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Michael D Higgins' UK visit: Milestone in politics to coincide with a milestone in economics

Higgins' visit comes at a time when Ireland's economy is at last creating jobs in solid numbers

It is a milestone in politics; but it coincides with a milestone in economics. The state visit by the Irish president Michael Higgins comes at a time when his country’s economy is at last creating jobs in solid numbers, a sign that the recovering world economy is pulling even those countries most savaged by the recession back to growth.

Ireland is fascinating not just because it happens to be the UK’s nearest neighbour, with a land border, all the links of language and culture, and be the UK’s fifth largest export market. It is an extreme example of many of the trends in the world economy over the past decade.

Ireland has been, in proportion to its size, the most successful country in the world at attracting inward investment, and through the 2000-2007 period the fastest-growing developed economy. It had just about the most extreme property boom, and the most extreme subsequent collapse. It had proportionately the biggest banking crash, and - Greece apart - the severest collapse in GDP. And now it is the first of the eurozone’s troubled fringe to start perking up, for the flip from stagnation to growth seems at last to have occurred.

The Central Bank of Ireland, a cautious and reliable forecaster, has just predicted that the economy will grow by 2 per cent this year and 3.2 per cent next. That compares with minus 0.3 per cent last year and a plus of only 0.2 per cent in 2012. Why has it all taken so long?

There is no simple answer but elements include the continuing squeeze on domestic incomes, a battered banking sector unable to finance expansion, the huge personal and public debt overhang, and an export sector that while successful is too small to offset the decline in the domestic economy. Some of us would add - though it is contentious in Ireland - membership of the eurozone, for that stopped Ireland devaluing when its largest export market, the UK, let sterling slide by 20 per cent. There is also a more technical issue, for Irish GDP has recently been depressed by a number of drugs produced by the multinationals coming off patent, thereby reducing export numbers.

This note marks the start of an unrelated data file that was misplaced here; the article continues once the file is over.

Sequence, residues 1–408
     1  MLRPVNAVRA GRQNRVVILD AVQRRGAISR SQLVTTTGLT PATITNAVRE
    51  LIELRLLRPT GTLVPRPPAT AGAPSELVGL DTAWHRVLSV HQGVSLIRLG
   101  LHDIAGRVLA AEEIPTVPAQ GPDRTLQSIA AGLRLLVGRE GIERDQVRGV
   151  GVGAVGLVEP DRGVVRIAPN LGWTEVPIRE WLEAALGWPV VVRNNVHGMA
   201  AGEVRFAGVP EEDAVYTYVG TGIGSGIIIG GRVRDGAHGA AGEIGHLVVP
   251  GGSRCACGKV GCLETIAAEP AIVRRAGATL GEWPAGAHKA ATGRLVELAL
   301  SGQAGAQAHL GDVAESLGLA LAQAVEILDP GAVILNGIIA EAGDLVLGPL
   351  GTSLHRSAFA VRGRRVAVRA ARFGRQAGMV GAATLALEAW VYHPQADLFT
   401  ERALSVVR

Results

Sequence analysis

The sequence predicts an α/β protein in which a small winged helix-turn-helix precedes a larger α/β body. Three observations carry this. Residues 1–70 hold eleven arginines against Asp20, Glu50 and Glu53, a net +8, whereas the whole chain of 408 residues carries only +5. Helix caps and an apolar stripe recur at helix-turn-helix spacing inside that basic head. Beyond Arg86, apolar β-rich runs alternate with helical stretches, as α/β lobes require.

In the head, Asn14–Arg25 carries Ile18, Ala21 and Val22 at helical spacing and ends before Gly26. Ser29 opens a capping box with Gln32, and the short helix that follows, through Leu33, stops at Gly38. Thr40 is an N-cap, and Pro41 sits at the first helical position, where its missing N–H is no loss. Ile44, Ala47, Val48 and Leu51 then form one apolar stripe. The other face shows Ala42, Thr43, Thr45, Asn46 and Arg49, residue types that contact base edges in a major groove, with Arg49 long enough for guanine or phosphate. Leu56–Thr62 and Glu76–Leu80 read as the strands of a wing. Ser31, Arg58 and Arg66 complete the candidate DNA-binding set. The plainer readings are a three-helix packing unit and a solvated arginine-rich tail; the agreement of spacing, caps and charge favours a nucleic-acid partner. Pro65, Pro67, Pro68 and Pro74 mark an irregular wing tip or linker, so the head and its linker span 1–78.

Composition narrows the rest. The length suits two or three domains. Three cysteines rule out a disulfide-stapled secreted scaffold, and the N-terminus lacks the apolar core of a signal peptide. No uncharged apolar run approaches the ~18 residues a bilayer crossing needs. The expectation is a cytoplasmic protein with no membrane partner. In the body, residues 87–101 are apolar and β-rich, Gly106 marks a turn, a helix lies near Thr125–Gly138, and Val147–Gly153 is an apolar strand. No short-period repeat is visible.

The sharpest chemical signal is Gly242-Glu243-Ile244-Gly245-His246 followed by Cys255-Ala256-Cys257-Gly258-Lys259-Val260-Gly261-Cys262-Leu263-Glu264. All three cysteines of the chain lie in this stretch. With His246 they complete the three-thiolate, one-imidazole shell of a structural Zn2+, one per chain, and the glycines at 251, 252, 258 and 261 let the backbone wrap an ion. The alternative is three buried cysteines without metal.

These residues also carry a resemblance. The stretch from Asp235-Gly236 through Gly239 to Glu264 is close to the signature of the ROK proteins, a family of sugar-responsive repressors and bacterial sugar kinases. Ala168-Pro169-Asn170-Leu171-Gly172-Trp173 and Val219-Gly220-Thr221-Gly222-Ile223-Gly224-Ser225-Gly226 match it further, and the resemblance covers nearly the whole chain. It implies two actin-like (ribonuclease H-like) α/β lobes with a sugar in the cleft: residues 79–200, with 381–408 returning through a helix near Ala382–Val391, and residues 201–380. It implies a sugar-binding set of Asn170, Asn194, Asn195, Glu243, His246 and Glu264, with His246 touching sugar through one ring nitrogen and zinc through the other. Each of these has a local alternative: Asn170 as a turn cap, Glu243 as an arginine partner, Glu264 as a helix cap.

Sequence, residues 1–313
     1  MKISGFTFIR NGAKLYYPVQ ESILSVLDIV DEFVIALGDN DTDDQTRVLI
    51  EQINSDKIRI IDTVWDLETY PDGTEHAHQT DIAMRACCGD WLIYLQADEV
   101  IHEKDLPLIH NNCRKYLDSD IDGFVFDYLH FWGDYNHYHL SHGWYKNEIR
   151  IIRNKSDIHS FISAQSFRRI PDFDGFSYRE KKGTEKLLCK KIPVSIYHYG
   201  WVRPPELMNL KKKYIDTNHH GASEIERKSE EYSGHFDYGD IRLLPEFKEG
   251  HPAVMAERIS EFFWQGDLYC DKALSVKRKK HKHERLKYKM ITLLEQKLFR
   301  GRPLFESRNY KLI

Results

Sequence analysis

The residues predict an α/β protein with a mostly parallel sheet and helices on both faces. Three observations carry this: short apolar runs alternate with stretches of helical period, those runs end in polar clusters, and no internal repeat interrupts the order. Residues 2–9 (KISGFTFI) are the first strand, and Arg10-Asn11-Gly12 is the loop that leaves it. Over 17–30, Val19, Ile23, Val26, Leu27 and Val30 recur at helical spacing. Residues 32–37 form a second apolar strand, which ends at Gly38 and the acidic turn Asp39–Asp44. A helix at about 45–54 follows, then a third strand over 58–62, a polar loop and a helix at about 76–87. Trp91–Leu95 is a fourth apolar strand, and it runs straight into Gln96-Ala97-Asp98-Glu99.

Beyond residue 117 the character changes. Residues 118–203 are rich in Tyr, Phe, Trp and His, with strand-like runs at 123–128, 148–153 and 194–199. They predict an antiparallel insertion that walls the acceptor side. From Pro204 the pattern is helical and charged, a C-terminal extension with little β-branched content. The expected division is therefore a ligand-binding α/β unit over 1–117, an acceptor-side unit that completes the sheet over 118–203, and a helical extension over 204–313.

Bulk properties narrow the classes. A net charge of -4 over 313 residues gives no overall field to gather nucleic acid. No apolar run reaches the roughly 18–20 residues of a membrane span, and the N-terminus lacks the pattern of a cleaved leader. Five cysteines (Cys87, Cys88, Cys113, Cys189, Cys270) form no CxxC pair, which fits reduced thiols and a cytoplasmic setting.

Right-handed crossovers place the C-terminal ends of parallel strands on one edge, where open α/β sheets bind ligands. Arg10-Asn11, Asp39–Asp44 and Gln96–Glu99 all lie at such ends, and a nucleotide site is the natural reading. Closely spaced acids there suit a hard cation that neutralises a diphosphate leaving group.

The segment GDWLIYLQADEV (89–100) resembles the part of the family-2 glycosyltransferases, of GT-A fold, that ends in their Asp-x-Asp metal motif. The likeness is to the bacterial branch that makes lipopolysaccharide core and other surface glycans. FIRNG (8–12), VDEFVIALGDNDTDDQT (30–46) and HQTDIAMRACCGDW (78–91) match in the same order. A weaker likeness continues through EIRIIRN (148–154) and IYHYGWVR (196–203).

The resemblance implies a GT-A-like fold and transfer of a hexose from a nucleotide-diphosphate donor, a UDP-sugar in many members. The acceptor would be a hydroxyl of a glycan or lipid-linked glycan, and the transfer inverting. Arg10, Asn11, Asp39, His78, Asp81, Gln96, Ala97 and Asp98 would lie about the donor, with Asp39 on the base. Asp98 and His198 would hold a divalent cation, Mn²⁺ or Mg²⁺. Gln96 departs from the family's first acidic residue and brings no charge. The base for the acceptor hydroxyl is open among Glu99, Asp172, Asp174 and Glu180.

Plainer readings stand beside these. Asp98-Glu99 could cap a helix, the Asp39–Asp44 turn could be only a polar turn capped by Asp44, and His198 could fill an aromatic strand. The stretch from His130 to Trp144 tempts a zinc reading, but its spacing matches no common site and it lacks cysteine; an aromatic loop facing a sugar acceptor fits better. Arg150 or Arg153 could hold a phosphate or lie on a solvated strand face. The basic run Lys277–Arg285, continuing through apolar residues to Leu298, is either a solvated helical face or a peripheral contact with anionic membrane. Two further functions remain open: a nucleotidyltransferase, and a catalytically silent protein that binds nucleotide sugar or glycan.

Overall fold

But job growth is now solid at 60,000 last year, roughly the same as the UK proportionate to the two economies, and the Central Bank forecasts unemployment to fall from 13.1 per cent last year to 11.3 per cent this year, and to 10.5 per cent in 2015.

People will try and draw specific conclusions from this, and in Europe one of the messages you hear is that austerity works. That does, however, ignore the human, social and regional costs – the fact that so many people had to leave the country to get jobs, the debt burden on people who bought homes near the top of the market, and the minimal recovery outside the Dublin agglomeration.

A wider and perhaps more useful conclusion is that the rising tide of the world economy is floating all boats. Yesterday we had the new forecasts from the International Monetary Fund, where the headline was another boost to the UK, which it now expects to grow by 2.9 per cent this year. Less noticed was the reasonably upbeat tone for the world economy as a whole – slightly slower in the emerging world, slightly faster in the developed.

A year ago the IMF was concerned about a skewed and bumpy recovery. And while things are still uneven, as you might expect, they are somewhat better balanced than they were. Europe in particular is growing again, with the eurozone growing by 1.2 per cent against a contraction of 0.5 per cent last year.

One of the things I was taught when I did my economics (at TCD in Dublin actually) was that you should always try to confirm macro-economic data with micro-economic facts. So here is what has been happening to car sales in Ireland. In the first three months of the year they were up 26 per cent on 2013, making it the best quarter since 2008. In fact in those three months, Ireland sold two-thirds of the number of cars it sold in the whole of last year. That is almost 50,000 cars – 50,000 families that feel, phew, we can risk divvying-up for a new motor. Better still - for this reflects business confidence rather than consumer confidence - light commercial vehicles are up 43 per cent in the three months, and heavy commercials (trucks and the like) up 40 per cent.

So a welcome to the Irish president, but also a welcome to these signals of an uplift across the Irish Sea.